The BBC’s owner, David Dietz, said the program has been very successful. Organizations get 10 percent of the food proceeds and the donations the guest bartenders generate. The tavern benefits by bringing in new patrons. “It’s win-win,” Dietz said.

Victoria Wyeth (right) poses with one of her fellow guest bartenders, Lisa Vonderstuck, a board member of the Chadds Ford Historical Society.

Victoria Wyeth (right) poses with one of her fellow guest bartenders, Lisa M. Vonderstuck, the owner of Brandywine View Antiques in Chadds Ford.

Later, Dietz decided to have some fun with Wyeth, who didn’t know that he was the BBC’s owner. After she delivered his drink, he told her to tell his staffers to put it on “Dave’s house account.” When she conveyed that message to Dietz’s employees, she elicited laughter that she didn’t understand until later in the evening.

Nadia Barakat, executive director of the Chadds Ford Historical Society, said she was thrilled with the turnout and appreciative of everyone’s efforts. When she personally thanked Steve Liberace, one of her costumed board members, he deflected the compliment, insisting it was a collaborative effort. “There’s no ‘i’ in team, but there’s an ‘i’ in win,” he said.

Sterling Seemans of Wilmington chats with Victoria Wyeth about her family's art dynasty.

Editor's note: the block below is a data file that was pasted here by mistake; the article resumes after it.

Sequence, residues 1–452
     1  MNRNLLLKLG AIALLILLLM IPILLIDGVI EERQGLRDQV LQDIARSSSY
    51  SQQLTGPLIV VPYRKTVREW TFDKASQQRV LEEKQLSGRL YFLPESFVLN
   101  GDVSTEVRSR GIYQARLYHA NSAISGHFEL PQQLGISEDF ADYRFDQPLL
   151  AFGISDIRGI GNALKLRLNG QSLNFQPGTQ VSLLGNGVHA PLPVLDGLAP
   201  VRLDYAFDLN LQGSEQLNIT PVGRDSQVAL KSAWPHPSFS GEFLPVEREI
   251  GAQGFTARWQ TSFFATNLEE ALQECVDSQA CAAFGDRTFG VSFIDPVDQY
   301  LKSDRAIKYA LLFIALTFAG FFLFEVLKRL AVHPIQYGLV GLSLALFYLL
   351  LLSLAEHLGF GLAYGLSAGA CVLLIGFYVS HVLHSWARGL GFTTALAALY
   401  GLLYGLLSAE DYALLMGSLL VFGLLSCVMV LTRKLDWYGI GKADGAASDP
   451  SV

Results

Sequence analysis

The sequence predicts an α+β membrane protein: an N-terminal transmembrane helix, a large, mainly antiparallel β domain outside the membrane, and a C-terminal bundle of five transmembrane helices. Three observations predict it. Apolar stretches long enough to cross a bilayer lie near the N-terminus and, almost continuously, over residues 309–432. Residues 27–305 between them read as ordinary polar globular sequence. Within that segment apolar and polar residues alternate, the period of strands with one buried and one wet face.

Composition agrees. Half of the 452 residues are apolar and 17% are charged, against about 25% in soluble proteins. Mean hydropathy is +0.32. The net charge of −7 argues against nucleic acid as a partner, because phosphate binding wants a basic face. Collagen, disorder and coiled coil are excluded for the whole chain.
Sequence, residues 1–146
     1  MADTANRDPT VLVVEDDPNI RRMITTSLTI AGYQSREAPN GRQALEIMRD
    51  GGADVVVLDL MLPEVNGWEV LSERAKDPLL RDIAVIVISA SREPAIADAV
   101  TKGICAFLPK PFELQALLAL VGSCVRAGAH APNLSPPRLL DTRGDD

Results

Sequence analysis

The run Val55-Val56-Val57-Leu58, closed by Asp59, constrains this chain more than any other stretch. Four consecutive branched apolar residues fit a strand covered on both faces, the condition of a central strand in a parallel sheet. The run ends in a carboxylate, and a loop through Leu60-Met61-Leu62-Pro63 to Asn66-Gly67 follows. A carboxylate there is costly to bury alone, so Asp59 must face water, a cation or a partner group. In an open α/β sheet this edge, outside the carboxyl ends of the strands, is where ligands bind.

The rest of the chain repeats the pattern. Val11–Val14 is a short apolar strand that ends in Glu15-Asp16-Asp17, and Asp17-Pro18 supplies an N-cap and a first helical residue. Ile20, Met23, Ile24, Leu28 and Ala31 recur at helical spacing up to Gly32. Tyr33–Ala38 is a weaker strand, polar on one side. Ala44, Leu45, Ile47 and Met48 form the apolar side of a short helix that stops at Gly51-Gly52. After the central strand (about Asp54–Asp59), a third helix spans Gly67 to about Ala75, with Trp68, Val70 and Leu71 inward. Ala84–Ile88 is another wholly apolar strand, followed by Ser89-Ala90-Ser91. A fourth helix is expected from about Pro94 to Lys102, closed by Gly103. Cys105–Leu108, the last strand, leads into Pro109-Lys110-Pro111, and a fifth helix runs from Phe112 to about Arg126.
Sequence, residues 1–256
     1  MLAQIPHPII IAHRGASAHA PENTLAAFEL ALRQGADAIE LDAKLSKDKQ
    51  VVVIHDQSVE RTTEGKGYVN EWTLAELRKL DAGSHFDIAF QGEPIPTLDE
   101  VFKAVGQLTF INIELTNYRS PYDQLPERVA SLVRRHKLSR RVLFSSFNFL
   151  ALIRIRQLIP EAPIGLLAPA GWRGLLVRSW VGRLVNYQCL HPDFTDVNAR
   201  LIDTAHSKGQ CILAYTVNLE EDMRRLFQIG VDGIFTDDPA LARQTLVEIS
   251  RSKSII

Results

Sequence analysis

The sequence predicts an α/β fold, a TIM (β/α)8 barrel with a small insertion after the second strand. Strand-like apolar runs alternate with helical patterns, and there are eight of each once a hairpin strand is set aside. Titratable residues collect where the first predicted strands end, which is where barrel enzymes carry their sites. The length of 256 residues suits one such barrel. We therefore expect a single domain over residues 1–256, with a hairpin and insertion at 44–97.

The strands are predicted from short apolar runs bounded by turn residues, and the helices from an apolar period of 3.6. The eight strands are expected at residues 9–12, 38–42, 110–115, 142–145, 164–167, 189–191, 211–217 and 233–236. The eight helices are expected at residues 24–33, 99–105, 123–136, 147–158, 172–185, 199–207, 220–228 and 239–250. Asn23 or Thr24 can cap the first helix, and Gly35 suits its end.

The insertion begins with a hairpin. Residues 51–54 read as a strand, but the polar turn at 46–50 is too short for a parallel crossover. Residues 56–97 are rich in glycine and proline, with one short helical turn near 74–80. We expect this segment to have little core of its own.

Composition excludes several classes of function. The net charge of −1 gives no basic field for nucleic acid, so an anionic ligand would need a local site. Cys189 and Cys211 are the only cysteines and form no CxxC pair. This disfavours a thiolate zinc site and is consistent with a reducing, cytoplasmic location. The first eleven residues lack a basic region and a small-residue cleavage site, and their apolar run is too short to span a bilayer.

Sterling Seemans of Wilmington chats with Victoria Wyeth about her family's art dynasty.

In the meantime, Wyeth remained behind the bar long after her shift ended, chatting with old acquaintances and making new ones. "I'm having a great time," she said.

Sterling Seemans of Wilmington was one of the few customers who hadn’t come specifically to see Wyeth. In fact, after she served him a beer, he said: “I have no idea who she is.”

Once Seemans found out why so many patrons were snapping photos, he was delighted, explaining that he comes from a family of devoted Wyeth fans. He said his mother is an artist and his father is an architect, and since they live just a few miles from the Brandywine River Museum of Art, they are frequent visitors.

By the time Seemans was ready for his next beer, he was prepared with questions as well as his order. He even pulled up an image of a painting on his cellphone to illustrate his query.

“I can’t believe she’s still back there,” Barakat whispered as she watched Wyeth converse with Seemans - nearly two hours after her 20-minute shift had started. “She is so kind and so generous. This is just wonderful.”

On Wednesday, April 15, Wyeth expressed thanks to the knowledgeable BBC bartenders who were close by on Tuesday night to offer assistance. She said she thoroughly enjoyed the experience and had already told her uncle that she found her "new hobby.”

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About Kathleen Brady Shea

Kathleen Brady Shea, a nearly lifelong area resident, has been reporting on local news for several decades, including 19 years at the Philadelphia Inquirer. She believes that journalists provide a vital watchdog service in the community, and she embraces that commitment. In addition to unearthing news, she also enjoys digging up dirt in her garden, a hobby that frequently fosters Longwood Gardens envy. Along with her husband, Pete, she lives in a historic residence near the Brandywine Battlefield, a property that is also home to a sheep, a goat, and a passel of fish.